Smart and ambitious under-30s are increasingly being mentored, to round out their skills. For employers it’s a chance to demonstrate their commitment. By MIKE PRESTON.
As they take over from baby boomers, Generation Y employees are proving more ambitious and more demanding, and one of those demands is for one-on-one nurturing.
By Mike Preston
Mentoring has gone mainstream. Once considered something for senior executives in lofty corporate towers, the onset of the skills shortage and a new generation of me-focused workers – Generation Y – have made mentoring a key staff management tool for SMEs.
And new technology means mentoring has become increasingly accessible to businesses of all sizes, as the next generation of Web 2.0 online tools makes it easier to tap into experienced business mentors in a time and cost-effective way.
Mentoring – a relationship through which a person uses the experience they have in business and life to help another explore and achieve their personal and career goals – is now on the agenda of a majority of top business managers, according to a recent survey conducted by chief executive professional development group The Executive Connection in the second quarter of 2007. Just over 50% of chief executives who responded to the survey said they already have or are developing a mentoring program at their business, up from 39% in 2006.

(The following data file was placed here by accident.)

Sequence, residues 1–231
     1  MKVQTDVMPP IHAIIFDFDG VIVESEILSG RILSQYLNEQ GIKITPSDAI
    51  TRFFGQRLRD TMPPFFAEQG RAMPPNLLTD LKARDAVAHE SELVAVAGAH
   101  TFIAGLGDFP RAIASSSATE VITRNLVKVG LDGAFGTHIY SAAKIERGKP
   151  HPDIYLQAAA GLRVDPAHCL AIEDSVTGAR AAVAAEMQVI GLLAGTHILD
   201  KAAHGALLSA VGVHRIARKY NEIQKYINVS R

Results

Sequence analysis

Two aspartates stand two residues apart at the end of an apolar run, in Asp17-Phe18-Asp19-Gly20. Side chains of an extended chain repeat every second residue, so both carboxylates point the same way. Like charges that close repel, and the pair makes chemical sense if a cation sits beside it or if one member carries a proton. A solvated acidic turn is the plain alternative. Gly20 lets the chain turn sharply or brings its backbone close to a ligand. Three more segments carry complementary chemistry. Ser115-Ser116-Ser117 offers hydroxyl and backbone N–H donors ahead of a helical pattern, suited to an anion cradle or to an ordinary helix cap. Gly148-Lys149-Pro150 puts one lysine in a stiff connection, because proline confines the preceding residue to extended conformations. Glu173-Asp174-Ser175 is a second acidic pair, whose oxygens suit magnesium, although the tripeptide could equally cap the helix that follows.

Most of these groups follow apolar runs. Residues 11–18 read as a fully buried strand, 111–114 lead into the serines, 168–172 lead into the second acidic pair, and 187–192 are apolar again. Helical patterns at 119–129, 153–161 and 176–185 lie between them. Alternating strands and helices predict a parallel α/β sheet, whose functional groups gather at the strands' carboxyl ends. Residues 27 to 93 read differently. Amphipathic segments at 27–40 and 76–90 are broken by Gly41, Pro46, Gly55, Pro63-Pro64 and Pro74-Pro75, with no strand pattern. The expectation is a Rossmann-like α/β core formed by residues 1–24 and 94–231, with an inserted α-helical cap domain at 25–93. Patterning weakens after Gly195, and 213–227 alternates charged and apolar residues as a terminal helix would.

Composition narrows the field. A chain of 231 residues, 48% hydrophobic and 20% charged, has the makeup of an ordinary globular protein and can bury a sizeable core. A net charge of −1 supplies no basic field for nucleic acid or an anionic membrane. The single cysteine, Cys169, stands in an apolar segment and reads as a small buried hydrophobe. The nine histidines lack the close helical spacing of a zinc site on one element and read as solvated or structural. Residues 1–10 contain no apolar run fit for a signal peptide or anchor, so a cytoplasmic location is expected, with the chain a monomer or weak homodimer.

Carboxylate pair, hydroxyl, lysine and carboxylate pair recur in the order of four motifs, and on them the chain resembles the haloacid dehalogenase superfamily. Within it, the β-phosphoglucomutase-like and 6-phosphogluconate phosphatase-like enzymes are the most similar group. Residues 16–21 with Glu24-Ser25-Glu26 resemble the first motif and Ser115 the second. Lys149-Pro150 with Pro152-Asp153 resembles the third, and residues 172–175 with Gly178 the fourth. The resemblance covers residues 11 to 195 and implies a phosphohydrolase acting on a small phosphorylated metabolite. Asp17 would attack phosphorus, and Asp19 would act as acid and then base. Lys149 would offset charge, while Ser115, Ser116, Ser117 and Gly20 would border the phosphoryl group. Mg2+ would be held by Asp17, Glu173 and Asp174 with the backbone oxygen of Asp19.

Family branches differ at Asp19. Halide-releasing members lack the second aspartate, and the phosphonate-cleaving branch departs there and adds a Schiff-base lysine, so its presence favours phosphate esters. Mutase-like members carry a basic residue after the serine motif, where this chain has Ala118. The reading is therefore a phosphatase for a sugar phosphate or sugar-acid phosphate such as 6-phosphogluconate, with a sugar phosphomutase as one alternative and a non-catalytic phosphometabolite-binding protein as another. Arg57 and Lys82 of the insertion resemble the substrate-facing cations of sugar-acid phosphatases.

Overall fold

TEC chief executive Mike O’Neill says the drive to retain staff is clearly part of the explanation for the increase, a view supported by the fact that chief executives in labour-starved WA were the most likely to already have implemented a mentoring scheme in their workplace.
“Retention, retention, retention is the name of the game, obviously businesses in WA are putting mentoring programs in facing to deal with their particular problems but it really is a national phenomenon,” O’Neill says.
He predicts that mentoring will become more common as employers struggle to cope with the exodus of baby boomers from the workforce and their replacement by the under 30s – Generation Y.
“Generation-Y have all the information, they are ahead of everyone else in terms of technology and its application but that doesn’t mean they know how to make good decisions, and that’s where mentoring can be useful,” O’Neill says.
Self-confident and self-focused, the generation born between 1977 and 1992 can often prove a handful for employers. In a recent SmartCompany Opinion Leaders poll, 71% of employers reported Gen-Ys are more likely to ask for training or mentoring, and they are more demanding than older workers on pay, career advancement and work/life balance.
Experienced mentoring researcher, author and director of consultancy Mentoring Works, Ann Rolfe, says Gen-Ys generally won’t stay in a job unless they feel their employer cares about them personally and has shown an interest in their career development.